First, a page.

The medical profession requires loads of analysis, quick thinking, and pin point precision. The medical industry is teeming with lucrative positions that pay well and offer room for advancement. But, the medical field is also one of the most competitive areas around. Not only must you educate yourself to an extreme extent, but you must continue educating yourself until the day you retire as many of the things you learned even a year ago have become old and outdated.
To this end, preparing a medical resume is a microcosm of what it will take to become a part of the profession. You will need it to be clear that you can analyze problems and come to solutions quickly and telling the employer that you can do it will not help; your resume must simply speak for itself. Also, the layout must maximize space, information, and efficiency. The person reading you application will not only look for these things, but chances are that they are also crunched for time, so an efficient resume will win you points with any hirer, even if it is a subconscious victory.
You need to list any amount of learning that you have received in the past. Begin with your most recent degree and continue down the line, using the format that is provided below:
Name of Institution, City, and State
Degree, Major, and Year Awarded
Grade Point Average of Degree
The education aspect of a resume is infinitely more important on a medical resume (and it is already of paramount importance for many resumes that are designed). Specifically if you want to be a doctor, you must show that you have had many levels of education and you must show that you were successful at each level. Even going back to high school, you must demonstrate that you have had a knack for exercises of the mind.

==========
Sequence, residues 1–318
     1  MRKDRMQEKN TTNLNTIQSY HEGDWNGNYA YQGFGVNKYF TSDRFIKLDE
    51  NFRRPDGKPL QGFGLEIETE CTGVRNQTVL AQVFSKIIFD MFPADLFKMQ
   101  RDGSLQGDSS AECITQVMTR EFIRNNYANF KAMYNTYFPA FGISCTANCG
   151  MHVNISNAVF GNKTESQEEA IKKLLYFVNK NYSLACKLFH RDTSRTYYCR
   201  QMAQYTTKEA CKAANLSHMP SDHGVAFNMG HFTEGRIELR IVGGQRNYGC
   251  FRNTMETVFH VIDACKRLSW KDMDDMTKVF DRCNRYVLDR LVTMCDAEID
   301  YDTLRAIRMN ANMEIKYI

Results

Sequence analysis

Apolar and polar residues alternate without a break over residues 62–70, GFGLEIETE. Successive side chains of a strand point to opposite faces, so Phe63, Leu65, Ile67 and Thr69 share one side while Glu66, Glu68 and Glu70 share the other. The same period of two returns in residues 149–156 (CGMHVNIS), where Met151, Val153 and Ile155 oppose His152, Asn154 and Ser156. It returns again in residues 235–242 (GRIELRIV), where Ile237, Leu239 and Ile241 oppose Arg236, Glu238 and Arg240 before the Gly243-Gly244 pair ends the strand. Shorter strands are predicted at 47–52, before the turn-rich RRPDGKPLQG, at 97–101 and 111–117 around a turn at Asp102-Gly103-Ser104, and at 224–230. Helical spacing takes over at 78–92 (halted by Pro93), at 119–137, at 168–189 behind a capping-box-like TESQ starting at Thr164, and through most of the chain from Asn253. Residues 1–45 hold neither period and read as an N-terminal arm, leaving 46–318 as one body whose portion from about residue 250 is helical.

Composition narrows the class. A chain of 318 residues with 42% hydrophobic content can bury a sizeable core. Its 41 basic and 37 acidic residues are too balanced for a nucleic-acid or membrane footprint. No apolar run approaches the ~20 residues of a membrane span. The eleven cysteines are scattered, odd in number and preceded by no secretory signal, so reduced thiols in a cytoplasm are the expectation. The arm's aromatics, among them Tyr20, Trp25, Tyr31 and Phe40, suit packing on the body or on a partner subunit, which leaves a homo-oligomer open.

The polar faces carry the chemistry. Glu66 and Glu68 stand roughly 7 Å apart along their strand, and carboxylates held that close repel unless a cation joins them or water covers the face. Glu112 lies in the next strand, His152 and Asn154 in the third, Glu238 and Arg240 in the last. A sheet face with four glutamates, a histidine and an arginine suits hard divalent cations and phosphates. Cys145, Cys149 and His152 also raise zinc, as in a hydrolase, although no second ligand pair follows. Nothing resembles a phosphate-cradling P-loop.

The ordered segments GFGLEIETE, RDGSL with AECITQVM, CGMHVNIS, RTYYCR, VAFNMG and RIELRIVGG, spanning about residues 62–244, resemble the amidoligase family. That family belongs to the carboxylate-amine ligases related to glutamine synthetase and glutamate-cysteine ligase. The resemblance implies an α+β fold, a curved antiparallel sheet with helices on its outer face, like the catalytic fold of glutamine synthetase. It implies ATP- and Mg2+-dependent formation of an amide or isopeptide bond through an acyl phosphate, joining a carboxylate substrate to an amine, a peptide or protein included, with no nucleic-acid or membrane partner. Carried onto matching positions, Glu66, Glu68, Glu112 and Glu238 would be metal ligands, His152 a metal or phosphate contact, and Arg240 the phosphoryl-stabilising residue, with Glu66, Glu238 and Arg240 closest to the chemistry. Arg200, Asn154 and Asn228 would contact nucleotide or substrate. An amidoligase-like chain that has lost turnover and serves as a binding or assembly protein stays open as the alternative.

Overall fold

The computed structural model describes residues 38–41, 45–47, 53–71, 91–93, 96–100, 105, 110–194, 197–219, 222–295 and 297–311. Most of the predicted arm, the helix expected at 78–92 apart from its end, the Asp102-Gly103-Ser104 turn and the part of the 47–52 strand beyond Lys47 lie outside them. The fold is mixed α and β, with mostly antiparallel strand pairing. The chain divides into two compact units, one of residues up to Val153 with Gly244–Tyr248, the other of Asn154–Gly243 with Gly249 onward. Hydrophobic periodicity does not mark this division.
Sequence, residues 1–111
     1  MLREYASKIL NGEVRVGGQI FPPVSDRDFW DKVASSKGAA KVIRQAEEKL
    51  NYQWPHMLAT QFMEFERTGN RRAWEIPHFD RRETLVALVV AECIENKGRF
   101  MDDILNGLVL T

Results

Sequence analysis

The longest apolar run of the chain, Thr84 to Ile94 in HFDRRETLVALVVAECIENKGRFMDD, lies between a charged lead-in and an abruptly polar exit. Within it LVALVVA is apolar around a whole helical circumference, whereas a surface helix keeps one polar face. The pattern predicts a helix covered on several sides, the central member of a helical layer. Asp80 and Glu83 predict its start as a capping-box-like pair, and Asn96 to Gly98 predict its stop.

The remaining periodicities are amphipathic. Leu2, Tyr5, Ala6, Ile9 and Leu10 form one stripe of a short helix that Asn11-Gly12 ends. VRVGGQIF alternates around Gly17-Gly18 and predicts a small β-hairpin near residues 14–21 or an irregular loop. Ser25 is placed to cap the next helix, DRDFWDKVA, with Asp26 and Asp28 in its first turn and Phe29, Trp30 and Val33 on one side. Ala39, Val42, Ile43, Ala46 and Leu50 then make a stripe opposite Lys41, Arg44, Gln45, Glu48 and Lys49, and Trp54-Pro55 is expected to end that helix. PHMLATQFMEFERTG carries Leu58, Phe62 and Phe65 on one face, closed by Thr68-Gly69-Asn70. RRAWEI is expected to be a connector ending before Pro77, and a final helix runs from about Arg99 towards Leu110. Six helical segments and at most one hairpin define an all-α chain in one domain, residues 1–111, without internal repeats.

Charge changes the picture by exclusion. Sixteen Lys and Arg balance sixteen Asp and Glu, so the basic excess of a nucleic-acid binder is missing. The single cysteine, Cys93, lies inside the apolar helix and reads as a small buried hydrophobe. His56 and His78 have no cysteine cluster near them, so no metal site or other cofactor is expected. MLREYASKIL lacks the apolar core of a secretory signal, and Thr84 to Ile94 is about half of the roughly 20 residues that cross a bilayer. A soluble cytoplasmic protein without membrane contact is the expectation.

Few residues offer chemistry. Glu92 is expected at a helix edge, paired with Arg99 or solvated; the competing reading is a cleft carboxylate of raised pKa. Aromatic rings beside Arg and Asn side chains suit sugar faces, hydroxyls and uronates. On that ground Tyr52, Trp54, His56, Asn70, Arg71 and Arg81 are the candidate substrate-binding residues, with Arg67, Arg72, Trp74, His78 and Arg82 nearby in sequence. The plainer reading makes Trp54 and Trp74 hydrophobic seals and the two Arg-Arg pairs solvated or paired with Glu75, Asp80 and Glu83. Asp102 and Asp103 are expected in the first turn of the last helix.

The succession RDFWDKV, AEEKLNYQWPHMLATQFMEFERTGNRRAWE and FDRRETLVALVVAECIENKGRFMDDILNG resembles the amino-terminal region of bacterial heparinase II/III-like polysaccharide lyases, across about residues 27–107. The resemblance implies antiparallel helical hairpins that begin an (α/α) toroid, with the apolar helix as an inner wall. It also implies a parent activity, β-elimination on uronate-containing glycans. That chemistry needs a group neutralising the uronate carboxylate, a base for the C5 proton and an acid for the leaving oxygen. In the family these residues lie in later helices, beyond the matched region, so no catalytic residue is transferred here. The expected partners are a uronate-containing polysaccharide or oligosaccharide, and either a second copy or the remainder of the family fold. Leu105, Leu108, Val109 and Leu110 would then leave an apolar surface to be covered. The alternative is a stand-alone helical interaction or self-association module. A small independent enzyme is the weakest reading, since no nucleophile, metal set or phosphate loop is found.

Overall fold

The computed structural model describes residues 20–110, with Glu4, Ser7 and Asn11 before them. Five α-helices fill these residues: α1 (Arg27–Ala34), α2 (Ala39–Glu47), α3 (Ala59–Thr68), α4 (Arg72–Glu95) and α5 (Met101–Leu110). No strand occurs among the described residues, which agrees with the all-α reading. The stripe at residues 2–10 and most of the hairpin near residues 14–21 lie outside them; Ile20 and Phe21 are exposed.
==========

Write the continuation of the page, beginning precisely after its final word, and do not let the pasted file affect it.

If you also include extracurriculars throughout each iteration of schooling, that will enhance your chances. If you had a full slate outside of school, yet still found time to not only study, but also receive good grades (of the caliber that you are willing to apply for a medical position), it will prove that you can handle the heavy load of complex work even with all of the stress of a medical job.
Skills and Experience:
Let your employer know what the skills are that will define you and your ability within a certain position. What are the things that you purely simply do well with? How, in turn, will these abilities become relevant to the medical discussion and help you become the best you can be in the medical field? What experiences in the past have prepared you for the trials and tribulations of the medical profession? Listing extracurriculars (including jobs and volunteer work) in addition to skills you possess will serve you well in a potential interview.